Money for Nothing and Design for Free

The free pitch – a way of showcasing your creativity or the degradation of an industry? Many advertising agencies will tell you that a free pitch is a way to impress the potential client with what can be achieved. These agencies often throw a great deal of resources; both time and money, into a pitch just to get chosen for the next stage. However, nothing is free. Costs are recovered by billing extra margin into the project once won or building contingencies into standard rates which apply to all clients.

Creativity can be showcased without having to compromise by providing free design work. After all, isn’t it better to demonstrate success from actual portfolios; get a good understanding of the client, the business issues and the specifications required for the new project? According to Jack Magree, Cobalt’s co-founder, “a good designer should add value to the product development process by understanding and then advising the client on the best solution, something that is not practical with a free pitch”.

A client selecting a designer based on a free pitch is misguided as the choice is often based on the visual aspects of how a product may look, not on product development and engineering for the best outcome. Without the normal designer/client interaction, the design solutions are likely to be flawed and lack innovation as they are based on short cuts and guess work. This is not only frustrating for both parties, but could damage relationships with the client, undermining design work prospects with them in the future. It also degrades the industry as it fuels the belief that design work is cheap, fast and easy.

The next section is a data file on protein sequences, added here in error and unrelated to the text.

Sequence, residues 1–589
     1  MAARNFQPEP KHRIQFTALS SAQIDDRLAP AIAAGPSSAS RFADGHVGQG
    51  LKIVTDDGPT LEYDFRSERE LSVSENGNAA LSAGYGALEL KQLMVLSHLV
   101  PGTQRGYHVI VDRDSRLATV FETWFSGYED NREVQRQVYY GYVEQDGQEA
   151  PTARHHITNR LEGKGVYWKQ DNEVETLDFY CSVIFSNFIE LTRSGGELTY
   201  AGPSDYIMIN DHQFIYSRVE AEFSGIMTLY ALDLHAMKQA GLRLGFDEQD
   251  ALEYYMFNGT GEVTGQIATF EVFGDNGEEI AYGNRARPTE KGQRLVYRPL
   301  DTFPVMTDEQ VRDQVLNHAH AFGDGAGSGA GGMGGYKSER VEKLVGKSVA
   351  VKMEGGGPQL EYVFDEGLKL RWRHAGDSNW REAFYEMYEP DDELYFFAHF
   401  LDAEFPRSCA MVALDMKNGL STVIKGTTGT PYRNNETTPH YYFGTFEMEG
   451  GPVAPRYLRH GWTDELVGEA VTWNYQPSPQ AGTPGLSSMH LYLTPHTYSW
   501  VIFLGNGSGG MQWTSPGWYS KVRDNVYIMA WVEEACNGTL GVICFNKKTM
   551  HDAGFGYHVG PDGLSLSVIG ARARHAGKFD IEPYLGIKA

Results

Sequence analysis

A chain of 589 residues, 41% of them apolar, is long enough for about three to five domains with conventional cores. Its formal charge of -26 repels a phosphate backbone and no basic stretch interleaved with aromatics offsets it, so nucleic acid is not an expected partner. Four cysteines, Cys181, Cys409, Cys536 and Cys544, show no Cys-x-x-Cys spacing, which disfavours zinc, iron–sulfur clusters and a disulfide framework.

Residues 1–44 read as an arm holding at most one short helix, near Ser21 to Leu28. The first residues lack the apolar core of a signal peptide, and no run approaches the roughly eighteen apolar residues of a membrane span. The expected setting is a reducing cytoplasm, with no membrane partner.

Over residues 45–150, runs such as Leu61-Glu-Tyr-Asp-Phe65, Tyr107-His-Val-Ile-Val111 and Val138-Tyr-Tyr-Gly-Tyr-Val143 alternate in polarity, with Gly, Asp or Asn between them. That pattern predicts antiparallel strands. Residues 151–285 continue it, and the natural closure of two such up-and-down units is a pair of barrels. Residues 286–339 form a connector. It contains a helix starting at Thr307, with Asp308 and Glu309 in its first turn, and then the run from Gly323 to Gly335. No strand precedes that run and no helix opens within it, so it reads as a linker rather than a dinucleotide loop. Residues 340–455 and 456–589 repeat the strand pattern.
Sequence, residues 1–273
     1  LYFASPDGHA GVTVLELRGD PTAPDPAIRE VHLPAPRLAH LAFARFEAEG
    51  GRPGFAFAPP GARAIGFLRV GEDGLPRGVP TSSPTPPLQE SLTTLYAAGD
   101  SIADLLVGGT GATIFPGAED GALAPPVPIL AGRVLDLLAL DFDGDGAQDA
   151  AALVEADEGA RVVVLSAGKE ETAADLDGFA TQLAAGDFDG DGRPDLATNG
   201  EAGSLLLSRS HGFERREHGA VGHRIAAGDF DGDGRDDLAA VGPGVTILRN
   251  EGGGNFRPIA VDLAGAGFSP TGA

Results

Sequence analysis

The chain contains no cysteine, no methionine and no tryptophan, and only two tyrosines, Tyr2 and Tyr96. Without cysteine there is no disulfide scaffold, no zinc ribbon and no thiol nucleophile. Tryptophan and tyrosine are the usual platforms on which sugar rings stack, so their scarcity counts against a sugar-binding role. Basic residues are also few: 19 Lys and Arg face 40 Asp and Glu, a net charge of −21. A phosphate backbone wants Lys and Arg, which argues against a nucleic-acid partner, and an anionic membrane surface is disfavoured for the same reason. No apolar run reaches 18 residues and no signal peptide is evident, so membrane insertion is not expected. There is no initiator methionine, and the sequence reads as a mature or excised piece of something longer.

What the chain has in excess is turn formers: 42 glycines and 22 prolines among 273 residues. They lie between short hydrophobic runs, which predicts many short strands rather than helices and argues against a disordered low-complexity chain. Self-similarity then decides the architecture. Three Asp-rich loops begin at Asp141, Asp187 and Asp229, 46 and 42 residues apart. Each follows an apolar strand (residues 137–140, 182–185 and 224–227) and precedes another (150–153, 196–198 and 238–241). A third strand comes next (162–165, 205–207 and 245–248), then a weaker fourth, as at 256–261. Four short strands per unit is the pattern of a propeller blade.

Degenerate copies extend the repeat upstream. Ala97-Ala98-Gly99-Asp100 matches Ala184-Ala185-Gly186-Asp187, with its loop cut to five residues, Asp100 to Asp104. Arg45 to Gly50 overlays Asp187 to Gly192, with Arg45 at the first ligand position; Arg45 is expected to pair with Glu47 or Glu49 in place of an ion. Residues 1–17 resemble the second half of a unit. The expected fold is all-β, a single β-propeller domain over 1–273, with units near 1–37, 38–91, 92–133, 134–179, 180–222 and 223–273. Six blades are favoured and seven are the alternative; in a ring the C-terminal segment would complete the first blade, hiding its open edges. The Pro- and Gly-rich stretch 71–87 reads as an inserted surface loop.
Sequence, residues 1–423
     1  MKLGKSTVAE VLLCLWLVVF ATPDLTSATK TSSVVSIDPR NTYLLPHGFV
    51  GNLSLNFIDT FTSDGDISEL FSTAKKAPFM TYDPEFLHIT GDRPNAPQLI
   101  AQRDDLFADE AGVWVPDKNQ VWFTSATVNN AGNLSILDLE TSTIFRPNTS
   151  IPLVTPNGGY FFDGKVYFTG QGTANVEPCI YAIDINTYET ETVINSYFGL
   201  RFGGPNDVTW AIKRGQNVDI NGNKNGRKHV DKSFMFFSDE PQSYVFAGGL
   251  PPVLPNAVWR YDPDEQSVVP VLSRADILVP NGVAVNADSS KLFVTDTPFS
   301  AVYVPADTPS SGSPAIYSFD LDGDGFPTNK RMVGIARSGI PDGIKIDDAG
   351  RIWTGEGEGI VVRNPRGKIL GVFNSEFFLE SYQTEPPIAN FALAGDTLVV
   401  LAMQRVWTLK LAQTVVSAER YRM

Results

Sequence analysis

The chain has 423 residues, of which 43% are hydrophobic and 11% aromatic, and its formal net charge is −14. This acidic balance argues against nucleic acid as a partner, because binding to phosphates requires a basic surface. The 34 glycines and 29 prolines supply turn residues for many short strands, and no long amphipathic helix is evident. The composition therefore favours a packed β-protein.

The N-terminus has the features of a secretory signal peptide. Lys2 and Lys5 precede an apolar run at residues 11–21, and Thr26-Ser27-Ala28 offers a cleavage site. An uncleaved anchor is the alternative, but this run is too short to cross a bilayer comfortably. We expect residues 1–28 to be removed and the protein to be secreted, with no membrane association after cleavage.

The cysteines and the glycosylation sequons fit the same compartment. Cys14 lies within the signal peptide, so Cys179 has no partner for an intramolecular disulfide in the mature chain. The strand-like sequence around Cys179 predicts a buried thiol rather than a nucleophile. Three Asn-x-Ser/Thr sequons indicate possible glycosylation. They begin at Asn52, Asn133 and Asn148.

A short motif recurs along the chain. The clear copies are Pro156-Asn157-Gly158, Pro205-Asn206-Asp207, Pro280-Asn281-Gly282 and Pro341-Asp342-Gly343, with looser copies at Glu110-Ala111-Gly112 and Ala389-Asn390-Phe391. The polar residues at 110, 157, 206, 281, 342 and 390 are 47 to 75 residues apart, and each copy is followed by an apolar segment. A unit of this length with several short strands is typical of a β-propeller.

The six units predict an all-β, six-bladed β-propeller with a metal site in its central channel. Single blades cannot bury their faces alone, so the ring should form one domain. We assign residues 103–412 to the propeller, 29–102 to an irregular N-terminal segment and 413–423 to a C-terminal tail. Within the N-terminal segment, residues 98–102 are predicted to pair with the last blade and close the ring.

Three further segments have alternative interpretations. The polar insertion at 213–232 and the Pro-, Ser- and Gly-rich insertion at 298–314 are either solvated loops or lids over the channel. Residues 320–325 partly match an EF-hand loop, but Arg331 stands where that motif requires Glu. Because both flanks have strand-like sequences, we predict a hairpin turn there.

Good design is not just about the way something looks. It is also about the feel, usability and ease of interface with the end user. Basing a decision purely on the way something looks also ignores the additional benefits that good design can bring, such as commercial savings from better use of materials or technology and enhanced marketing value that designers often deliver.

Research undertaken in the UK which surveyed over 200 design agencies concluded that over 25% of projects or tenders pitched for are not awarded. The reasons were generally a change of marketing strategy, reduced budgets, change of mind and no chemistry established with design agencies. If a client was paying for such work, it is more likely to be a strong commitment to the design process.

Another risk to emerge from providing free pitches has been potential legal implications. Jeffrey Zeldman in “Don’t design on spec” described a scenario in the US where a company was being sued for using inspiration from an unsuccessful agency’s design pitch.
The final word: The Design Institute of Australia, like most professional design bodies globally, resolutely opposes free pitching. And so does Cobalt.


1. Zeldman, J “Don’t design on spec”, The Daily Report, 26 January 2004